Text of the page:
Figure 3.
Figure 3. Structural basis of CPT-11 activation by rCE. a, Stereo view of the gate between the active site (green) and bound 4PP molecule (purple). The regulatory domain (red) is composed of helices 9, 10, 11 and 14, and the gate residues are Leu 252, Ser 254, Ile 387 and Leu 424 (cyan). The residues that mark the beginning and end of the disordered regions of the structure (Phe 354, Lys 371, Glu 459 and His 467) are also labeled. b, A proposed mechanism for the activation of CPT-11 by rCE. CPT-11 (orange) enters from the top of the catalytic gorge and fits well into the active site (catalytic Ser 221 and Glu 353 in green). After cleavage, the alcohol product (SN-38; magenta) leaves via the catalytic gorge, while the acyl product (4PP; purple) moves past the gate residues (cyan) and docks adjacent to the regulatory domain (red) on the surface of the molecule.
  The above figures are reprinted by permission from Macmillan Publishers Ltd: Nat Struct Biol (2002, 9, 337-342) copyright 2002.  
  Figures were selected by an automated process.  

Literature references that cite this PDB file's key reference

  PubMed id Reference
20510380 E.T.Williams, H.Wang, S.A.Wrighton, Y.W.Qian, and E.J.Perkins (2010).
Genomic analysis of the carboxylesterases: identification and classification of novel forms.
  Mol Phylogenet Evol, 57, 23-34.  
20552256 G.Thiagarajan, A.Ray, A.Malugin, and H.Ghandehari (2010).
PAMAM-camptothecin conjugate inhibits proliferation and induces nuclear fragmentation in colorectal carcinoma cells.
  Pharm Res, 27, 2307-2316.  
20161041 R.S.Holmes, L.A.Cox, and J.L.Vandeberg (2009).
A new class of mammalian carboxylesterase CES6.
  Comp Biochem Physiol Part D Genomics Proteomics, 4, 209-217.  
19062296 T.Harada, Y.Nakagawa, R.M.Wadkins, P.M.Potter, and C.E.Wheelock (2009).
Comparison of benzil and trifluoromethyl ketone (TFK)-mediated carboxylesterase inhibition using classical and 3D-quantitative structure-activity relationship analysis.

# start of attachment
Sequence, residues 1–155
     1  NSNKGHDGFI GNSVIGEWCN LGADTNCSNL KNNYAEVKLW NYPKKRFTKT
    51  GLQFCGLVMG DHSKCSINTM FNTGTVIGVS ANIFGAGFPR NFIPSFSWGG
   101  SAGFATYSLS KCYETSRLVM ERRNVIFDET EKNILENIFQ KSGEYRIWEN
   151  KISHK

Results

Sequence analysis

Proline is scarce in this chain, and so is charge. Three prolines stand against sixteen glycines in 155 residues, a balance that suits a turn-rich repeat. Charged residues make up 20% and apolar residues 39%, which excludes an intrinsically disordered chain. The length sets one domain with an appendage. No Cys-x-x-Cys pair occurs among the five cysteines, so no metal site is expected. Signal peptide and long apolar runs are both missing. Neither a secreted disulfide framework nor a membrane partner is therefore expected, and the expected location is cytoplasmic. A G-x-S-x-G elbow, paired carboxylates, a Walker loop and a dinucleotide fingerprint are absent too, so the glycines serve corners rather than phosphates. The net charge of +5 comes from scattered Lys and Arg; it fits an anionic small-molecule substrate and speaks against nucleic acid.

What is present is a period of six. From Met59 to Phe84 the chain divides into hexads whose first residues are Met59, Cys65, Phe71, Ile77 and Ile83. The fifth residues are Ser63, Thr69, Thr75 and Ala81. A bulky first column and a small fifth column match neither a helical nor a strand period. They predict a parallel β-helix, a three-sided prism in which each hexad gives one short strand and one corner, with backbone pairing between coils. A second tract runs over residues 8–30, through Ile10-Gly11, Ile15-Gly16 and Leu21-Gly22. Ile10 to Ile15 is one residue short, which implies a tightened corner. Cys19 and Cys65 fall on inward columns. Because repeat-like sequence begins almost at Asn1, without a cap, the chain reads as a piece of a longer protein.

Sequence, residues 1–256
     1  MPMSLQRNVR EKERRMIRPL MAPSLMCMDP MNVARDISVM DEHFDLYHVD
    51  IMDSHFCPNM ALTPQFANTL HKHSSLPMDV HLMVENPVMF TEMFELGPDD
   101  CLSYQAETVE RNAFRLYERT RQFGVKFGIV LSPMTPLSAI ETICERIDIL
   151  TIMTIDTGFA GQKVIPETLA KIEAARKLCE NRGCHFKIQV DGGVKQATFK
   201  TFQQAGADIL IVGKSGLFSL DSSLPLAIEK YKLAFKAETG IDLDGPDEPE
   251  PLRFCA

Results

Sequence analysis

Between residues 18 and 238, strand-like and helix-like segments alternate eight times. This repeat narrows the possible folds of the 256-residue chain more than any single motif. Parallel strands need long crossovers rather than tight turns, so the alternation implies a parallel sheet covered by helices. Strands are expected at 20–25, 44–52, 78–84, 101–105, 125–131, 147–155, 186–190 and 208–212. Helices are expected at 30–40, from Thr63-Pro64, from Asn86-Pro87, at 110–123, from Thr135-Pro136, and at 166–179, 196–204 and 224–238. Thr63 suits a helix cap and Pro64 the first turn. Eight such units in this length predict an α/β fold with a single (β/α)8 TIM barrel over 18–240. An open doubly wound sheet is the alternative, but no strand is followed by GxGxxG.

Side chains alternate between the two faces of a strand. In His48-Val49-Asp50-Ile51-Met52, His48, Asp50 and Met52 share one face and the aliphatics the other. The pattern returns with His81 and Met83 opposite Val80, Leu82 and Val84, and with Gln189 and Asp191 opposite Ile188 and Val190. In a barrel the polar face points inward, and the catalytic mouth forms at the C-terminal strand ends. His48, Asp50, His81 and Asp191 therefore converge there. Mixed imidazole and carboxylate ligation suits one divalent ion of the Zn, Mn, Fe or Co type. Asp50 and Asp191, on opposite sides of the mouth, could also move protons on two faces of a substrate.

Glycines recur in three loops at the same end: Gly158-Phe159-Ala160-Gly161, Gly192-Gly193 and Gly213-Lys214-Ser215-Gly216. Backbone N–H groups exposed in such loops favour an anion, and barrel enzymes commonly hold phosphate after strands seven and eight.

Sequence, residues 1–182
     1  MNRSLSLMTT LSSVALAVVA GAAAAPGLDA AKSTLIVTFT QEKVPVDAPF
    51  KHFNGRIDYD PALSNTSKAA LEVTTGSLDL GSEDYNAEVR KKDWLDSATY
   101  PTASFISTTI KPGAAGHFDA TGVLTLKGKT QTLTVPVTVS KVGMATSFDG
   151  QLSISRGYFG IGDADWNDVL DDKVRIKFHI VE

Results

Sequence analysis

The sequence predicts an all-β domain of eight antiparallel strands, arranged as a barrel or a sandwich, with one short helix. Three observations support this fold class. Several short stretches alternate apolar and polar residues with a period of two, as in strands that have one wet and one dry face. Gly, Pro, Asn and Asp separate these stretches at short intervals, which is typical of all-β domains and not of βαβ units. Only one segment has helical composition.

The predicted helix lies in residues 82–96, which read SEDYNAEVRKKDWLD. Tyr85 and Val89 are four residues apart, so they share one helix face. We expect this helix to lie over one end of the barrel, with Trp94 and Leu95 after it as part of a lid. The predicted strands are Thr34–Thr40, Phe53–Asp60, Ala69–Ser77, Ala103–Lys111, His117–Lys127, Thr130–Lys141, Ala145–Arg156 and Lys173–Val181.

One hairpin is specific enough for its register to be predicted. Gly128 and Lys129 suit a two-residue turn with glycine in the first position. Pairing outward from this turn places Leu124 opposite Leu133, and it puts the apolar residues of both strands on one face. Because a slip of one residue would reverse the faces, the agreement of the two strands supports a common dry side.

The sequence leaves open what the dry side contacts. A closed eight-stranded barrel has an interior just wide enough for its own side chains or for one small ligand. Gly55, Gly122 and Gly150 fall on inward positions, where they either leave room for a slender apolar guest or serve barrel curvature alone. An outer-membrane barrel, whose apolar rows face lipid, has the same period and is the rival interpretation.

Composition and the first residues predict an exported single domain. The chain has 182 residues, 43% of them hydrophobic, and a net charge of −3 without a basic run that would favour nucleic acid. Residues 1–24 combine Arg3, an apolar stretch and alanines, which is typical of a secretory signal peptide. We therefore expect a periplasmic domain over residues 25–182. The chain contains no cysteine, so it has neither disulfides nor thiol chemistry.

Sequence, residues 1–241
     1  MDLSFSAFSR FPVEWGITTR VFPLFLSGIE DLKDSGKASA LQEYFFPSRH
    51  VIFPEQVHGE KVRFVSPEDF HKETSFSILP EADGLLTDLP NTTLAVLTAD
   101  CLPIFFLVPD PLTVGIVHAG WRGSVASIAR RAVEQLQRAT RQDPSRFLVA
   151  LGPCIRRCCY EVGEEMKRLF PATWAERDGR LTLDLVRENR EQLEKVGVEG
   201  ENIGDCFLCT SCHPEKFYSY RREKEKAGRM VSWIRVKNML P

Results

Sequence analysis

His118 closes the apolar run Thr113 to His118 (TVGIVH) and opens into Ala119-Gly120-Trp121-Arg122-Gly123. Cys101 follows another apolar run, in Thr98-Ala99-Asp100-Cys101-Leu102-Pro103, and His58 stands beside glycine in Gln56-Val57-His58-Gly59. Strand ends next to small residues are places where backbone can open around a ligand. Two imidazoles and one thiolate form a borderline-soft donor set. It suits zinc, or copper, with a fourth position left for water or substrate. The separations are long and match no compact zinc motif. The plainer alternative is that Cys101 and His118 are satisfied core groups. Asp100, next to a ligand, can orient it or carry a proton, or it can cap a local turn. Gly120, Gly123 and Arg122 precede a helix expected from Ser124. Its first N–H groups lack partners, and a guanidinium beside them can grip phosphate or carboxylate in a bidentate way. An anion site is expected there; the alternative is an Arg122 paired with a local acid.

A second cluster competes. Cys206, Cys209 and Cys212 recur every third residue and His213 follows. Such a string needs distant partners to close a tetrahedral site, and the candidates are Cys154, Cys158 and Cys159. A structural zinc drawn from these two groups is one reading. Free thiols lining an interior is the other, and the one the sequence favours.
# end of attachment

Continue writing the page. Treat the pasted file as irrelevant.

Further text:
Bioorg Med Chem, 17, 149-164.  
18023188 C.E.Wheelock, K.Nishi, A.Ying, P.D.Jones, M.E.Colvin, M.M.Olmstead, and B.D.Hammock (2008).
Influence of sulfur oxidation state and steric bulk upon trifluoromethyl ketone (TFK) binding kinetics to carboxylesterases and fatty acid amide hydrolase (FAAH).
  Bioorg Med Chem, 16, 2114-2130.  
18721110 J.M.Hatfield, M.Wierdl, R.M.Wadkins, and P.M.Potter (2008).
Modifications of human carboxylesterase for improved prodrug activation.
  Expert Opin Drug Metab Toxicol, 4, 1153-1165.  
18219308 J.Rautio, H.Kumpulainen, T.Heimbach, R.Oliyai, D.Oh, T.Järvinen, and J.Savolainen (2008).
Prodrugs: design and clinical applications.
  Nat Rev Drug Discov, 7, 255-270.  
18188187 M.Wierdl, L.Tsurkan, J.L.Hyatt, C.C.Edwards, M.J.Hatfield, C.L.Morton, P.J.Houghton, M.K.Danks, M.R.Redinbo, and P.M.Potter (2008).
An improved human carboxylesterase for enzyme/prodrug therapy with CPT-11.
  Cancer Gene Ther, 15, 183-192.  
18163883 T.M.Streit, A.Borazjani, S.E.Lentz, M.Wierdl, P.M.Potter, S.R.Gwaltney, and M.K.Ross (2008).
Evaluation of the 'side door' in carboxylesterase-mediated catalysis and inhibition.
  Biol Chem, 389, 149-162.  
17264798 K.Tanimoto, M.Kaneyasu, T.Shimokuni, K.Hiyama, and M.Nishiyama (2007).
Human carboxylesterase 1A2 expressed from carboxylesterase 1A1 and 1A2 genes is a potent predictor of CPT-11 cytotoxicity in vitro.
  Pharmacogenet Genomics, 17, 1.  
17239398 P.Liu, H.E.Ewis, P.C.Tai, C.D.Lu, and I.T.Weber (2007).
Crystal structure of the Geobacillus stearothermophilus carboxylesterase Est55 and its activation of prodrug CPT-11.
  J Mol Biol, 367, 212-223.
PDB codes: 2ogs 2ogt
17167034 R.M.Wadkins, J.L.Hyatt, C.C.Edwards, L.Tsurkan, M.R.Redinbo, C.E.Wheelock, P.D.Jones, B.D.Hammock, and P.M.Potter (2007).
Analysis of mammalian carboxylesterase inhibition by trifluoromethylketone-containing compounds.
  Mol Pharmacol, 71, 713-723.